Search by keywords:
Search resources by: Competency
Content Format


Not a member? Sample unlocked content here.

Topics Covered: <a href='/resources/search/?query=Self-Improvement'>Self-Improvement</a> | <a href='/resources/search/?query=Productivity'>Productivity</a> | <a href='/resources/search/?query=Tips and techniques'>Tips and techniques</a> | <a href='/resources/search/?query=Time Management'>Time Management</a>
Sales Strategy
Jeff Mowatt lock

It may be a popular advertising slogan — our customers are our number one priority — but as a manager, buying into that strategy will actually reduce your effectiveness and damage your business. I learned it the hard way.

More than fifteen years ago, when I started my customer service speaking and training business, I was my only employee. I was doing everything: delivering speeches and seminars, strategic planning, handling suppliers, and of course taking out the trash. When writing my lengthy ‘to-do’ lists, I’d always rank customers as being my number one priority. Unfortunately, it took me five years to discover that I’d been making a huge mistake. Up until then, I hadn’t realized that the most important priority should not be the customer. As a manager, your number one priority should be working on high-payoff, business-building projects.

Determining Top Priorities
With private sector companies, your biggest priority as a manager is to maximize long-term revenues while minimizing long-term costs. Period.

Managers cannot ensure the long-term viability of their organization by working on administrivia and responding to customer crises all day. That’s just treating symptoms rather than correcting underlying problems. It certainly didn’t work for me in the first five years of running my company. It wasn’t until I’d made a slight realignment to my working day that my productivity dramatically improved. I could work fewer hours and get more done. I had fewer crises and a lot less stress. And my business boomed. Best of all, I found that it was amazingly simple. If you haven’t guessed it yet, I really like this. Here it is.

The Magic Hour and a Half
Spend the first one and a half hours of your day working on strategic projects. That’s it. Simple isn’t it?

Working on strategic projects for the first hour and a half of your day gives you the remaining seven or eight hours to deal with customer issues, fight fires, deal with interruptions, work on all the administrative stuff, and even get to your email. I’m not talking about a big time commitment. It’s only an hour and a half. But the payoff you’ll get from that short time investment is substantial.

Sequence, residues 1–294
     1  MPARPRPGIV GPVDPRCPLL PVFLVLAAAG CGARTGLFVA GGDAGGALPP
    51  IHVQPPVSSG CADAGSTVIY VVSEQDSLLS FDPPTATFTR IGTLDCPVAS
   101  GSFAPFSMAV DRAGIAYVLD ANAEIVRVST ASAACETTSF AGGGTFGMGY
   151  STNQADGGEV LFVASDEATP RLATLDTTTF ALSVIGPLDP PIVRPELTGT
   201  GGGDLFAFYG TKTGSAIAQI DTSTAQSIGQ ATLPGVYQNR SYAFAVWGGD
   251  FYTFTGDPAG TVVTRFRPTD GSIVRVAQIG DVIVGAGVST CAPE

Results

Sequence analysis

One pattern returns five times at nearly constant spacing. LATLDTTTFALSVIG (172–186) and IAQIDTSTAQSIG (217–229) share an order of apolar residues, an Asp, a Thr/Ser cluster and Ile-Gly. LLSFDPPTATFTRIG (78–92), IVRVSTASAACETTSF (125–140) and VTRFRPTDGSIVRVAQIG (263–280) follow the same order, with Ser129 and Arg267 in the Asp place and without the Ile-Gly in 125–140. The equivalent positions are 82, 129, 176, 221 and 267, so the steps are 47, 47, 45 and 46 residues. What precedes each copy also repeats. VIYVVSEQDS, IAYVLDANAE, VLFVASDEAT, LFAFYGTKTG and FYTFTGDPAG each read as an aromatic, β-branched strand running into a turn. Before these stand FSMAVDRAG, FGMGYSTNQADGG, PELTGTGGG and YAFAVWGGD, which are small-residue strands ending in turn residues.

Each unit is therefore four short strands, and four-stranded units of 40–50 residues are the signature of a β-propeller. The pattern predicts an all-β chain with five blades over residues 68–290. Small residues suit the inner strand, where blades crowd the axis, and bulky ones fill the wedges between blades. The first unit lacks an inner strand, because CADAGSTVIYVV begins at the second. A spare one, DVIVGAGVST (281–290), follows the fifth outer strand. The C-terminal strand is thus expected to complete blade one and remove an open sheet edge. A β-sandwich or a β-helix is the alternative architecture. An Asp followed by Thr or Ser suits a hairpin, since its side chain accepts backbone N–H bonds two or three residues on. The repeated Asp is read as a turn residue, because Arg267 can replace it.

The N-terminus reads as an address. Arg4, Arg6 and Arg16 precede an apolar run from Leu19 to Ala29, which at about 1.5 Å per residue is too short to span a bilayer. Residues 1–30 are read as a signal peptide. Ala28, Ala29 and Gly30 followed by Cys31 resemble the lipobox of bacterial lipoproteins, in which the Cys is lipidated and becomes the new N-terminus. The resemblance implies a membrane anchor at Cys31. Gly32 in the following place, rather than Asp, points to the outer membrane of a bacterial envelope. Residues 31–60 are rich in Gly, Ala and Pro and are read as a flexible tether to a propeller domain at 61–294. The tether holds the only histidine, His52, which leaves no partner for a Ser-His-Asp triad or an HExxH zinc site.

This is where the 80/20 rule — commonly referred to as the Pareto Principle — really kicks in. In the 20 per cent of your day that you work on strategic projects, you end up getting more done than in the remaining 80 percent.

The bonus is that these projects are completed faster and with less stress than by the alternative approach. The alternative is working on a strategic project when you can get around to it. The problem is that since these projects rarely have a deadline, we simply never get around to them — until they become a crisis, that is. That’s when we start wasting resources. So, even with a mere hour-and-a-half commitment to strategic projects, our productivity is enhanced several-fold. The key is to start with the strategic projects at the beginning of your day.

The Fresh Start
That’s why I suggest to those managers who need to find some quiet time that, rather than staying at work past 6 p.m., you’d be much better off coming in at 6 a.m. (or working in your home office at that time.) For most people with families and partners, your loved ones may not miss you much at 6 a.m. They do miss you (hopefully) if you’re still working at 6 p.m.

To those managers who lament that they’re not really a morning person, I have these words of advice:  Get over it!

The truth is that the human body is wonderfully adaptive. After 21 days of rising early and tackling the strategic stuff, you will find that you automatically start waking up early with more energy and focus. I’ve never considered myself to be a morning person, yet after just a few days of getting to my desk at 6 a.m., I’ve found that it’s eventually become second nature.

The key is to ignore your email, phone messages, straightening your desk, and all the other urgent stuff until after that first hour and a half of project work. If you have an intranet calendar where other people can schedule meetings for you, make sure to get there first and block off that part of the working day.

Oh, What a Feeling
Once you develop the habit of working on strategic projects first, you will immediately notice the wonderful way it feels. You’ll gain a sense of genuine accomplishment. You’ll feel more in control. You’ll find that you give yourself permission to go home at a reasonable hour, guilt-free. You’ll identify yourself less as a clerk or even as a manager. Instead you’ll begin to get a better sense of yourself as a leader. And, when you work on the right projects — your customers will view your company as being the industry service icon. That’s market differentiation you can take to the bank.

This article is based on the book Becoming a Service Icon in 90 Minutes a Month, by Jeff Mowatt.

Reprinted with permission from Agency Sales Magazine
Copyright ©2008-2009, Manufacturers’ Agents National Association (MANA)

This content is exclusive for CPSA members

Become a Member

Already a member? Login to see full the article.

About the author: 366

Related Resources

Need to get in touch with us?
Toll free number
1 888 267 2772
Membership Access
Sign in or join us to unlock over 3,000 tools, resources and more!